Donald Trump arrives for a press conference at 40 Wall Street after a pre-trial hearing at Manhattan criminal court on 25 March. (AP)

In this case, prosecutors allege that then-candidate Trump feared another politically damaging scandal after the release of the 2005 Access Hollywood tape one month before Election Day in 2016.

Stories about his alleged affairs “could have sunk Trump’s campaign,” Mr Eisen told reporters on Thursday.

Mr Trump is accused of hatching a “catch and kill” plot with tabloid publishers and his then-attorney Michael Cohen to buy up the rights to stories that would never be published in an attempt to keep them away from voters. Mr Trump then allegedly reimbursed his attorney for making such payments to adult film star Stormy Daniels, with whom he is accused of having an affair, then falsely documented those payments as “legal expenses”.

Manhattan prosecutors are hoping to explain to jurors that the Access Hollywood tape’s release sparked “panic” within his campaign, underscoring the urgency to bury any other stories that would damage his election prospects.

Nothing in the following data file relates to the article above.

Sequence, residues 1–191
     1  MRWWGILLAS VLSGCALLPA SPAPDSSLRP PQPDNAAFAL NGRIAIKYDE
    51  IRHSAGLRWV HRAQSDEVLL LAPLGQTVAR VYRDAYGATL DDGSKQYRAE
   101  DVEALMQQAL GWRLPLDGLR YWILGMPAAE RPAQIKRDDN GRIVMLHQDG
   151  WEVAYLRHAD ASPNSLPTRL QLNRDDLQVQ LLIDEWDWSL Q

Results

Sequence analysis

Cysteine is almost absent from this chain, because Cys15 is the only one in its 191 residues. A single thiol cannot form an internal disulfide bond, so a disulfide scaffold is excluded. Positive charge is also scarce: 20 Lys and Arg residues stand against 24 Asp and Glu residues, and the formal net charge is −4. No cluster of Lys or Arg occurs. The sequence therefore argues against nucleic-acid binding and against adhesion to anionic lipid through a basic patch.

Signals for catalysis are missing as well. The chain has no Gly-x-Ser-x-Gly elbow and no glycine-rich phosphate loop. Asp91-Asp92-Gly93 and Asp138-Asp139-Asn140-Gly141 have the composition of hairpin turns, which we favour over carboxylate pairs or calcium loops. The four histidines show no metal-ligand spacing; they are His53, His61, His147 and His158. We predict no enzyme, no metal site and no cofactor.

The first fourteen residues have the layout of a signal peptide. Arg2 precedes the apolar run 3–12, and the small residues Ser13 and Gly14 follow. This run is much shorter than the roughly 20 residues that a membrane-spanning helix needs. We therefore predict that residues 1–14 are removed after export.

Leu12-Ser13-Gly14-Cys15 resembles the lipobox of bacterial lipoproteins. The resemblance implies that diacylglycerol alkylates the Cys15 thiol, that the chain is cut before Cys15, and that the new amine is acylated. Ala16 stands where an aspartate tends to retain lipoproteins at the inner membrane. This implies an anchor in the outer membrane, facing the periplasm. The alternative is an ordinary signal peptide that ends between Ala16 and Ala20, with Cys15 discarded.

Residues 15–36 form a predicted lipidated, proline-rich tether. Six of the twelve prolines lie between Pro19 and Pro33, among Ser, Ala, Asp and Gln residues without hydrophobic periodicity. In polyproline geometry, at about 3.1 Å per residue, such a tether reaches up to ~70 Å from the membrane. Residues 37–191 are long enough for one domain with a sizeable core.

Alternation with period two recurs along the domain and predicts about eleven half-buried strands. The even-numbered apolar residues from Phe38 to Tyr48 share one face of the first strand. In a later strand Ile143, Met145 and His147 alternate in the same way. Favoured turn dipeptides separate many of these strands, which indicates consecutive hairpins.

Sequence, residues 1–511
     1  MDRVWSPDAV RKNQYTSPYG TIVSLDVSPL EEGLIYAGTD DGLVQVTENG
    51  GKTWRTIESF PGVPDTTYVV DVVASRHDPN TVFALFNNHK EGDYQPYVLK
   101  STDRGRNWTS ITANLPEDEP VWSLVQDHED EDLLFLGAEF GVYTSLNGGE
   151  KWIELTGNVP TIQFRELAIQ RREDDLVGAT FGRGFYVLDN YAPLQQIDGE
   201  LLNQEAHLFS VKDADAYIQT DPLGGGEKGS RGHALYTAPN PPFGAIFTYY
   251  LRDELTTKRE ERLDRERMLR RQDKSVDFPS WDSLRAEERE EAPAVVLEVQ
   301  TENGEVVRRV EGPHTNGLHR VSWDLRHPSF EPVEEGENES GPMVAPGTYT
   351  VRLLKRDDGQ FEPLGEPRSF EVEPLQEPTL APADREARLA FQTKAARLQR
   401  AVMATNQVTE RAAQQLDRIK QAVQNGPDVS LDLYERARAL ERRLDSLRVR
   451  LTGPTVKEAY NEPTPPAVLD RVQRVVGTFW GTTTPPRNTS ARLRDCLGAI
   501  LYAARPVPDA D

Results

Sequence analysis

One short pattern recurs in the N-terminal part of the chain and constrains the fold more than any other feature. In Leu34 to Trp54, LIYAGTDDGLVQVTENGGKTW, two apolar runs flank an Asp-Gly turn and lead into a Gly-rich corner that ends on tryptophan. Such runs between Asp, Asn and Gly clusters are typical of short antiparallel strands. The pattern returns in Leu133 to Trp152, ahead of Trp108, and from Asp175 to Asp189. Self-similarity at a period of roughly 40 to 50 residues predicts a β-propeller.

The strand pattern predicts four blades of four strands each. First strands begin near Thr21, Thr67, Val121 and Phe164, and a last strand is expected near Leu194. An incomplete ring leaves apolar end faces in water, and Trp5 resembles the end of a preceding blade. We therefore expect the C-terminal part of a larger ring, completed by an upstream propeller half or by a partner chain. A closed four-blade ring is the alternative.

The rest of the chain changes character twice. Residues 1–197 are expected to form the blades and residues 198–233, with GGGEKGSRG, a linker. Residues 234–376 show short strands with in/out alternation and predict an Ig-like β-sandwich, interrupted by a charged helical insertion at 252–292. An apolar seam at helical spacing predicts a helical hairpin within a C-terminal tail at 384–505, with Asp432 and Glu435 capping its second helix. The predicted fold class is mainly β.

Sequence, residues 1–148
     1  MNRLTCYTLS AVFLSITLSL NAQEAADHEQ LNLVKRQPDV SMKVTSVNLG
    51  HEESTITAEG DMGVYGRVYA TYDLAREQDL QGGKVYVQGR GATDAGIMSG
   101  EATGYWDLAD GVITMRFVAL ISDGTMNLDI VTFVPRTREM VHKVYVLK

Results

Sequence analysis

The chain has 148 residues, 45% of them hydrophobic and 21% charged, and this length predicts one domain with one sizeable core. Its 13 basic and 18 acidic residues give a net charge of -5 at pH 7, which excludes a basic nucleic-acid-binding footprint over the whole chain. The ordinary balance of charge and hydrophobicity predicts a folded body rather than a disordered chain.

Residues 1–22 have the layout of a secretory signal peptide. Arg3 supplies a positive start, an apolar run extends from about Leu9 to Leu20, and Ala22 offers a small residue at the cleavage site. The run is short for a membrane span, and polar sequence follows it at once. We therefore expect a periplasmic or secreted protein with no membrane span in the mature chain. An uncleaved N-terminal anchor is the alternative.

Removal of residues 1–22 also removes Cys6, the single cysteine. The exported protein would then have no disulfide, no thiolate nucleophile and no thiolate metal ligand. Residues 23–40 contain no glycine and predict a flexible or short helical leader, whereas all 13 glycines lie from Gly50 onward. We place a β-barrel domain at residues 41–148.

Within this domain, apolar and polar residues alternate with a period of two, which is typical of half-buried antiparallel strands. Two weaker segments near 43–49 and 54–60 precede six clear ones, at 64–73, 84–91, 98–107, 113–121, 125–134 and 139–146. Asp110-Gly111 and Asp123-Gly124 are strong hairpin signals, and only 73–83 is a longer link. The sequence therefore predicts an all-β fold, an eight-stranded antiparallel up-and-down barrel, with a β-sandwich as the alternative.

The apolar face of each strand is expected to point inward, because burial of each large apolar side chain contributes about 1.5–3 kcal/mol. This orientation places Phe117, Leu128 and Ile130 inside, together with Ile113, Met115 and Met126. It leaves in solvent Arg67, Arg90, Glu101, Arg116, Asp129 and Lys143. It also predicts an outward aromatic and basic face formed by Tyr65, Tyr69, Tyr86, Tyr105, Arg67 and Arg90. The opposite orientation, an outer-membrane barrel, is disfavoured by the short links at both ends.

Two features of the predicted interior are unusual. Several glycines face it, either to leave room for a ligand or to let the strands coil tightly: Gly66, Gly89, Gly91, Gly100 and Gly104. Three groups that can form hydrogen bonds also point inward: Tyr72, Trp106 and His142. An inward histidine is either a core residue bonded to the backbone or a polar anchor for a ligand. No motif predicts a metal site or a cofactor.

In a December radio interview, Manhattan District Attorney Alvin Bragg emphasized that the case is not about “money for sex.”

“We would say it’s about conspiring to corrupt a presidential election,” he said, “and then lying in New York business records to cover it up.”

In his description of the case to prospective jurors, New York Justice Juan Merchan also makes clear that the case involves an “unlawful” attempt to affect the outcome of the 2016 election.

He writes that Mr Trump is accused of falsifying business records “to conceal an agreement with others to unlawfully influence the 2016 presidential election.”

“Specifically, it is alleged that Donald Trump made or caused false business records to hide the true nature of payments made to Michael Cohen, by characterizing them as payment for legal services rendered pursuant to a retainer agreement,” according to the judge’s summary.

Manhattan District Attorney Alvin Bragg (AP)
Manhattan District Attorney Alvin Bragg (AP)